Thursday 15 October 2015

The Do's and Don'ts of LinkedIn Introductions

LinkedIn is an excellent social networking platform. As its 'join now' internet page states, you can "connect, find, be found; power your career; and learn and share". I can't think of anyone I know through business who hasn't joined and created his or her own LinkedIn profile.

One way to connect is through the introduction feature that allows you to introduce two people in your network who could benefit from knowing each other. It can be an excellent way to support your connections. 

This week, I caught up with someone through LinkedIn who I had met while organizing a speaking engagement. She said, "I take pride in my LinkedIn network and want to ensure that people like you don't get solicited as a result of the connections I have." My considerate acquaintance raised an important watch-out: introductions can be unwanted and become burdensome commitments.

To be effective and appropriate, LinkedIn introductions need to have a specific purpose, such as connecting someone who is looking for information with a person who has it. Recently, I introduced someone who was considering making a career change with a person who had made the same move. The specific purpose of the introduction was to share experience, perspective and insights. It was a great match. 

General introductions typically aren't effective and can be viewed as impositions. Since there is no purpose other than to meet, they lack a catalyst for conversation and relationship building. Also, they can be seen as inappropriate by the party who isn't interested in making a new connection. Many people are overloaded and don't have time in their busy days (and nights) to chat when there is no concrete reason to do so. 

Here are my do's and don'ts of making LinkedIn introductions: 
  • Do make introductions between people who needs specific information with those who have it 
  • Do realize that you are asking a favour of the knowledge provider
  • Do ask yourself if you would welcome a similar request from one of your connections before making it
  • Do send a note to the information provider asking permission to make the introduction  this is the only way to be sure that the connection is welcome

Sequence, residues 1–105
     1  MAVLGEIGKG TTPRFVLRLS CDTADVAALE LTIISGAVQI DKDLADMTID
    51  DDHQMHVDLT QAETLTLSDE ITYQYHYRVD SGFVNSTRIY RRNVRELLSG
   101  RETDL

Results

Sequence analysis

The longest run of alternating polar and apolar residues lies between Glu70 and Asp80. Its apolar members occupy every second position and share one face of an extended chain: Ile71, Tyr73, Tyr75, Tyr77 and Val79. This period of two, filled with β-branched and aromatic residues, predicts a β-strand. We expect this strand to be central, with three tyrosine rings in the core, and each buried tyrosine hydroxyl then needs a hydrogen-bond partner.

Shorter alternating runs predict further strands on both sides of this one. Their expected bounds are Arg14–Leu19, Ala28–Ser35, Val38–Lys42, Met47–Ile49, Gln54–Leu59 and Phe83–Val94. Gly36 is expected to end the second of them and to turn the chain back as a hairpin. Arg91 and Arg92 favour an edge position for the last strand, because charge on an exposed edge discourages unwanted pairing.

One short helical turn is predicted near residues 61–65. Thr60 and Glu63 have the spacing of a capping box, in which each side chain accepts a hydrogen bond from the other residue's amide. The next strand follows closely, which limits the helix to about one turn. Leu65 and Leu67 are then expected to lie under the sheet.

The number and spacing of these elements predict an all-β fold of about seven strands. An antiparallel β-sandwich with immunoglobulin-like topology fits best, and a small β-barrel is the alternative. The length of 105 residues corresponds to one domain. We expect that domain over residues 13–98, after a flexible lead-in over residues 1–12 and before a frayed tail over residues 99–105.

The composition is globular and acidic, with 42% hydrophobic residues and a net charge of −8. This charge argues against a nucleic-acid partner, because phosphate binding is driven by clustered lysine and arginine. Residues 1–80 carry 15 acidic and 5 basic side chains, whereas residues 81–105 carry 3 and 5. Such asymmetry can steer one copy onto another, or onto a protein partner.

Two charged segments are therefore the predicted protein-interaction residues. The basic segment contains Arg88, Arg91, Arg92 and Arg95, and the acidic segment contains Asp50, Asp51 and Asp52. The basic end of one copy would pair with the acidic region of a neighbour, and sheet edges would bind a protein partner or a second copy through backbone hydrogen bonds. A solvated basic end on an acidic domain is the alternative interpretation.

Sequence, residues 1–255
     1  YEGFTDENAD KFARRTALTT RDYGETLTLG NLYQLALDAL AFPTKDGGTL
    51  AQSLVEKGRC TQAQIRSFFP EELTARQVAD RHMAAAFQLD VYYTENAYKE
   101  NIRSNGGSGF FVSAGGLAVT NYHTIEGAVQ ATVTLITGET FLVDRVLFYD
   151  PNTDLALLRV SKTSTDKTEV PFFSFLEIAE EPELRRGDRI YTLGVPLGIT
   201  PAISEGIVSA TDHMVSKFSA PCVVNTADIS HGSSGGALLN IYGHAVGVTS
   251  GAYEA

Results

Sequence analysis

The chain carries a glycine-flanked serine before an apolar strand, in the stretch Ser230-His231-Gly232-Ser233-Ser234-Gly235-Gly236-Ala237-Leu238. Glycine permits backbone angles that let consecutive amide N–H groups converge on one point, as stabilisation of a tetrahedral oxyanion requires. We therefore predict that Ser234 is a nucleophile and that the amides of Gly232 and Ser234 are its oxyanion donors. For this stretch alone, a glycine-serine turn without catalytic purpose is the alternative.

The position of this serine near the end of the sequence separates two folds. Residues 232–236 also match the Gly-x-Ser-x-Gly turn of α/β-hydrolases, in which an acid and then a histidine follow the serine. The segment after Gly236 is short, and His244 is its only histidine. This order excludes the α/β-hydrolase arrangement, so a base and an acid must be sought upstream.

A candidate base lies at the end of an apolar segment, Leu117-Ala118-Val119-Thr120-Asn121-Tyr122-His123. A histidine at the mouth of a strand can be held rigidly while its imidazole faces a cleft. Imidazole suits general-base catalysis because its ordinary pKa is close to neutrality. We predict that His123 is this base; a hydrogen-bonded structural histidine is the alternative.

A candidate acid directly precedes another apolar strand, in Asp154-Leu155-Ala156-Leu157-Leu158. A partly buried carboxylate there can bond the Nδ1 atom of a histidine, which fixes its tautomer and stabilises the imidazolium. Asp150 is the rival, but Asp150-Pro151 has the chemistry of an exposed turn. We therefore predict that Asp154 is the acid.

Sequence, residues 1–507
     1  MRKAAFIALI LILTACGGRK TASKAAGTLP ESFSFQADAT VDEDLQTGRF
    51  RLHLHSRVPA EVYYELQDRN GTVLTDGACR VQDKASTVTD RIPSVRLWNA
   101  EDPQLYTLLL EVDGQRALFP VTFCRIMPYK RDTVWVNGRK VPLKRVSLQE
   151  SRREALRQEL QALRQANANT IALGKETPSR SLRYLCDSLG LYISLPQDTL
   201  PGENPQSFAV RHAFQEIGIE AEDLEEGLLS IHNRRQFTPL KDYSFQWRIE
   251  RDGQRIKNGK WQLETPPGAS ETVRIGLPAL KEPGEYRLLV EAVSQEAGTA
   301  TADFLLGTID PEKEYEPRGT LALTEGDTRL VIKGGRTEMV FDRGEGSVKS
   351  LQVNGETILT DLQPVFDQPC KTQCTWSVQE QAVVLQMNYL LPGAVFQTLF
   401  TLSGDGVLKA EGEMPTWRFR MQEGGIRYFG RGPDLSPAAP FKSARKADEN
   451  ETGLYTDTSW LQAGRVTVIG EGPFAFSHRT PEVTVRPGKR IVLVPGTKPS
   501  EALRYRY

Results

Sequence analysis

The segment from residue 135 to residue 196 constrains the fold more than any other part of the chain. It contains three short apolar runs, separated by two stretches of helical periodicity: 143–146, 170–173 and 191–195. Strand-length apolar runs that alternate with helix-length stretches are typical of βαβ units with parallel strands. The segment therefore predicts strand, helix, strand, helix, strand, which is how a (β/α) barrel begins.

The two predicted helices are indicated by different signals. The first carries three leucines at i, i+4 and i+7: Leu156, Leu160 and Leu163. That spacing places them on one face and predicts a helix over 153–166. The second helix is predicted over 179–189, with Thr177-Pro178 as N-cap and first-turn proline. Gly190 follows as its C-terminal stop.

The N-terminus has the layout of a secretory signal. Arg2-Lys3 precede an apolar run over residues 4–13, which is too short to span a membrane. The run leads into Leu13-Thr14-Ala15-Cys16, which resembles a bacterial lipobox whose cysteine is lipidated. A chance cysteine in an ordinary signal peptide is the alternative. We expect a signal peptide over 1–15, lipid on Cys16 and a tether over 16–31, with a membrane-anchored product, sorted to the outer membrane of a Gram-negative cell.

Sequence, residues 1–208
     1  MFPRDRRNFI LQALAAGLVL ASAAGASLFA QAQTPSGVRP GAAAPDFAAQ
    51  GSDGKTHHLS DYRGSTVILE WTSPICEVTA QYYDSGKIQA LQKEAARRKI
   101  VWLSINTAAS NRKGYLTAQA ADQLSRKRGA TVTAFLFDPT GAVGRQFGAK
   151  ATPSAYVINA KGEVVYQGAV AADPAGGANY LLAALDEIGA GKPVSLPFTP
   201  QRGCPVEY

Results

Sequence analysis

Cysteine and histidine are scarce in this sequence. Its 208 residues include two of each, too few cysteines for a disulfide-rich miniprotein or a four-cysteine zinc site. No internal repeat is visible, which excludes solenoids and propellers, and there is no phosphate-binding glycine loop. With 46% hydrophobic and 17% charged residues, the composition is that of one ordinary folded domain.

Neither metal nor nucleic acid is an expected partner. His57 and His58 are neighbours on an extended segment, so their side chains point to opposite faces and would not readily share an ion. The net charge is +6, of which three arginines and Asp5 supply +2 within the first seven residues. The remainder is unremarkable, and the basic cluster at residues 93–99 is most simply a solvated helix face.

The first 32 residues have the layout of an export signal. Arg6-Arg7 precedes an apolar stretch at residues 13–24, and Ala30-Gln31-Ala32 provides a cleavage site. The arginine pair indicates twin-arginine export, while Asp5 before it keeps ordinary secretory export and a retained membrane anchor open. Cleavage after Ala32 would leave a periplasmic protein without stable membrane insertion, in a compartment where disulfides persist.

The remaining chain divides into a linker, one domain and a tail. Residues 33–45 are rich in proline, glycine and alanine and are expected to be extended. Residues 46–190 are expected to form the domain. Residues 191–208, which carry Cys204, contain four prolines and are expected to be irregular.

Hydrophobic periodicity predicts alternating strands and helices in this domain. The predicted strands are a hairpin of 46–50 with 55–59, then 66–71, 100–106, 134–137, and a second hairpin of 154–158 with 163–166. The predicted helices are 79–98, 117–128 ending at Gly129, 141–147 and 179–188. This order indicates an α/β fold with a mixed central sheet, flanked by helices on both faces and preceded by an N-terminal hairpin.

• Do state the purpose of the connection in your introductory note
  • Do provide an overview of each person's background to help kick-start the initial conversation
  • Do end your note by saying you hope the connection will be of mutual benefit
  • Do follow up to see how the exchange went  this will help you assess future connections
  • Do keep a record of your introductions so you have templates for future ones – it will also help you build your skill in introduction writing
  • Don't assume people have time to meet new people
  • Don't make general connections just because someone wants to meet a person in your network – most will come across as prospecting requests that will damage trust and harm your relationships
  • Don't make connections where the person requesting it only wants a favour from someone in your network (a job, an introduction into his or her network, etc.) 
  • Don't make multiple connections with the same person in your network without confirming he or she has the time and interest for them – if not, it is an imposition 
  • Don't make introductions to people in your network that you don't know – your introduction will not be seen as authentic if you can't recall how you know them
Your LinkedIn network is a professional community that you build, support and benefit from over time. Making connections between people who you know is one of the best features LinkedIn offers. Treating your community with respect by how you do so will make it and your relationships grow even stronger.  


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